Federal agents going through the sprawling refuge found explosives, firearms and “significant amounts of human feces,” according to a filing last week from the U.S. attorney for the District of Oregon.

They also found evidence that occupiers had a camping area “adjacent to or on a particularly sensitive cultural site” and cleared trenches and created a road on or near “grounds containing sensitive artifacts,” the filing stated.

Agents trained in dealing with crimes related to art and cultural property were involved in the sweep of the refuge, which is the historical home to the Burns Paiute Tribe. Thousands of tribal artifacts are at the site.

An armed group seized the refuge Jan. 2 in support of two local ranchers convicted of arson; the group went on to say they were fighting the federal government’s management of federal lands. The occupation’s leaders were arrested last month while traveling on a highway outside the refuge, and four holdouts remained for another two weeks before they surrendered to authorities. All told, the siege lasted for 41 days.

During the 12 days that the FBI collected evidence at Malheur, agents recovered computers and other electronic devices and checked through the refuge to make sure no other occupiers hung behind after the final holdouts surrendered Feb. 11.

In filings this week, the office of Billy J. Williams, the U.S. attorney for Oregon, proposed that the refuge be opened on Thursday and Friday to “defense attorneys and investigators” for the occupiers who have been indicted.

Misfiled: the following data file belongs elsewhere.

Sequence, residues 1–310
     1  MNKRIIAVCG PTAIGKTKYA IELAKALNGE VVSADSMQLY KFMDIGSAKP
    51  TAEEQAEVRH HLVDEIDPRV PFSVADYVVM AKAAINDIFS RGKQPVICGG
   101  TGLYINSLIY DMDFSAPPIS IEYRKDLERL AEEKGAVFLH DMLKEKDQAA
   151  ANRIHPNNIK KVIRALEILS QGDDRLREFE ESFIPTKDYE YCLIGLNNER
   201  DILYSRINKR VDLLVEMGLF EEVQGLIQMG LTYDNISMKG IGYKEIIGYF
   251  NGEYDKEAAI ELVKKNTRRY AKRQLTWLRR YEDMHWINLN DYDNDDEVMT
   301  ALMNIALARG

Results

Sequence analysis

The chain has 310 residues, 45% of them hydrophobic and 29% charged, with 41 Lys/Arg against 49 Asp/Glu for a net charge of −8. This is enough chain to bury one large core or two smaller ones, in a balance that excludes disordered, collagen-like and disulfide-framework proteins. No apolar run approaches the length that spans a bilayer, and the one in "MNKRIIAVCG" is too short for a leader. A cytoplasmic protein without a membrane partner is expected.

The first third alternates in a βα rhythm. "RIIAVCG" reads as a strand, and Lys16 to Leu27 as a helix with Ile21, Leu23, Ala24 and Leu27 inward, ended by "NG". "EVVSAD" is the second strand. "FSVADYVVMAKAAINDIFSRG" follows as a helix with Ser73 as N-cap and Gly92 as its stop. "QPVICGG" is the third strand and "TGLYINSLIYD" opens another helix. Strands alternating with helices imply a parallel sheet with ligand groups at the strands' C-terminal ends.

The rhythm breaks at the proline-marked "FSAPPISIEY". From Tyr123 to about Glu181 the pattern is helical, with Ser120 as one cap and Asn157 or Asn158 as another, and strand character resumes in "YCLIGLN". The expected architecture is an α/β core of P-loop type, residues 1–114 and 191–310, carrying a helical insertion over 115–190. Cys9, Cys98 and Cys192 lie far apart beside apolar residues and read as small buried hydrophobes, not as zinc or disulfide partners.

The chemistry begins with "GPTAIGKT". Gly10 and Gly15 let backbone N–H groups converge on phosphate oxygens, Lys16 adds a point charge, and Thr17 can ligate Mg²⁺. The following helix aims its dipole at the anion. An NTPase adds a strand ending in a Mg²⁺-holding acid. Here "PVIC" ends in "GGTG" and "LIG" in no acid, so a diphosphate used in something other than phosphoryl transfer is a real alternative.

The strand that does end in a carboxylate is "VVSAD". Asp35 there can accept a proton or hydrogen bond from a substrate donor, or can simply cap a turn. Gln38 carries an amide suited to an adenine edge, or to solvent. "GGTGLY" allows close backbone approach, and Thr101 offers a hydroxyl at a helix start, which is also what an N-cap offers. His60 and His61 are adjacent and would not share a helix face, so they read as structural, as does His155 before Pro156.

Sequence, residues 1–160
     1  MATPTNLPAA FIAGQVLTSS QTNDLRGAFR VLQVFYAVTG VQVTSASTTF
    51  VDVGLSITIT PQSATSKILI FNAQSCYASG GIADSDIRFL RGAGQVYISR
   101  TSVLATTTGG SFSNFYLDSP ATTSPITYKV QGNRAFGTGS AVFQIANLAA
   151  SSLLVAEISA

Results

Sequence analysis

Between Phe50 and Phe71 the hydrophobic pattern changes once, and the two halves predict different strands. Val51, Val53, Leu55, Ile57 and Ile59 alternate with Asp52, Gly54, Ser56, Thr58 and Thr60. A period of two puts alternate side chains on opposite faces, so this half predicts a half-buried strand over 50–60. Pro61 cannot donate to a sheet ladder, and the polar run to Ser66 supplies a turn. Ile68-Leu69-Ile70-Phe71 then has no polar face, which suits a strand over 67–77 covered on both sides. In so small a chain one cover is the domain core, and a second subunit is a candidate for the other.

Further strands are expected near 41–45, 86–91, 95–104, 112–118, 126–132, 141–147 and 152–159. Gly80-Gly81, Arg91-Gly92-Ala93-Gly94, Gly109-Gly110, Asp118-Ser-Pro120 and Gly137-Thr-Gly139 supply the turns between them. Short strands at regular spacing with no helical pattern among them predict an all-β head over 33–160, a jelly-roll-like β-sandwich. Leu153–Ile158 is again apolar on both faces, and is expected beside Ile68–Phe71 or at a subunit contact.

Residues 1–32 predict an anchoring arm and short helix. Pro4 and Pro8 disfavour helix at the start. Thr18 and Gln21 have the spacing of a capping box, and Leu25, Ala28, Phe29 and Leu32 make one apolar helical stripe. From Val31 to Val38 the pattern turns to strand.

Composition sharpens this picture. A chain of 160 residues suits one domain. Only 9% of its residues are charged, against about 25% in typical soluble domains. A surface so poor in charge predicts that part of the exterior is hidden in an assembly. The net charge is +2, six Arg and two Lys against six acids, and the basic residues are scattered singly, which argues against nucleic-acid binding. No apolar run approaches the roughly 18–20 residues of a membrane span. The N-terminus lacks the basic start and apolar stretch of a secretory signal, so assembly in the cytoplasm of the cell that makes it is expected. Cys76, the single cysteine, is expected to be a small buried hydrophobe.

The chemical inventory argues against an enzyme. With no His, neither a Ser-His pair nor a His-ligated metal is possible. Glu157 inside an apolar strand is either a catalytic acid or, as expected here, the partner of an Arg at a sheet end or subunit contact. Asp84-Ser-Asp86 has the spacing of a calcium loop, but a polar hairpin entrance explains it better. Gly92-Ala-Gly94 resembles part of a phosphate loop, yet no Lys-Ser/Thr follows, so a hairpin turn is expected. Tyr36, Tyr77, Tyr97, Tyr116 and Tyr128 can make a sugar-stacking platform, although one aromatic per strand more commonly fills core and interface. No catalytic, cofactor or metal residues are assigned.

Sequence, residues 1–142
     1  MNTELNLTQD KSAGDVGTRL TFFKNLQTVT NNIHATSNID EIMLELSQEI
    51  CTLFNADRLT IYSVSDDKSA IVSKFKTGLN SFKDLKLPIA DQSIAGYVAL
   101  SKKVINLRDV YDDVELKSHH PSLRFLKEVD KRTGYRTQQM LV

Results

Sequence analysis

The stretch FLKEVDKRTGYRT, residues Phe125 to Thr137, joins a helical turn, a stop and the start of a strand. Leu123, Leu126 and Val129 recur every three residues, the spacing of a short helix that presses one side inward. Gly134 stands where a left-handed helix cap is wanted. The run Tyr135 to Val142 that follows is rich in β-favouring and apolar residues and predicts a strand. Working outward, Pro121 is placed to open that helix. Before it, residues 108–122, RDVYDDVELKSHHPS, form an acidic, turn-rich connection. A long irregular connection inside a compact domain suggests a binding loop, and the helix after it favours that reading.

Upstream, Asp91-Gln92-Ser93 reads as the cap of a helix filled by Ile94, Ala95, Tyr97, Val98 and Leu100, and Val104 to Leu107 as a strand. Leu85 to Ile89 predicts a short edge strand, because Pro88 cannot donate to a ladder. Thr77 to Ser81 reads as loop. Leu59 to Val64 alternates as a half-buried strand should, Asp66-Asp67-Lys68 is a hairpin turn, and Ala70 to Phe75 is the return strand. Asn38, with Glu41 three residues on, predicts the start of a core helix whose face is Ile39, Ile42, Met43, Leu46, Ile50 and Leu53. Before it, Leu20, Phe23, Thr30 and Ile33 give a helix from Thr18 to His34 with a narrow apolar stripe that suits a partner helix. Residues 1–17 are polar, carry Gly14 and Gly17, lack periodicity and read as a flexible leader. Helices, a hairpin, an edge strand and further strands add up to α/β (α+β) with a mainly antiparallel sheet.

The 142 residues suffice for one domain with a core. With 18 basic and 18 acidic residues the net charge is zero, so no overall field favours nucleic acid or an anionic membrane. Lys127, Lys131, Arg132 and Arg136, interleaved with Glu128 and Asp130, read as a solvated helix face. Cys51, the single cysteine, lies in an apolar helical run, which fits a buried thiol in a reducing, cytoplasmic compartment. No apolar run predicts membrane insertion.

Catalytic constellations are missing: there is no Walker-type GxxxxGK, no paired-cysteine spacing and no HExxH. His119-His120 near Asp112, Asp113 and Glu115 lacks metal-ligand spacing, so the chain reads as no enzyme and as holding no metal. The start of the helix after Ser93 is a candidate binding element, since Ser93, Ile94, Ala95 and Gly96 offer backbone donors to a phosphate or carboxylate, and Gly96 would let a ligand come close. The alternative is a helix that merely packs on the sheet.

A closed portion of the Malheur National Wildlife Refuge after the FBI took over the facility and began sweeping it. (Rebecca Boone/AP)

Prosecutors said in a different filing that “the crime scene in this case is singularly unique,” owing to the size of the refuge. In a proposal outlined Wednesday, Williams’s office says that these attorneys and investigators would be accompanied by federal law enforcement officials and allowed to take photos and video, but not “remove or disturb any items.”

Williams also said authorities would begin restoring the refuge and preparing it to be reopened to the public after the visit from these attorneys.

The attorneys representing some occupiers, though, protested Wednesday in court that they were not being given enough time to view evidence at the refuge.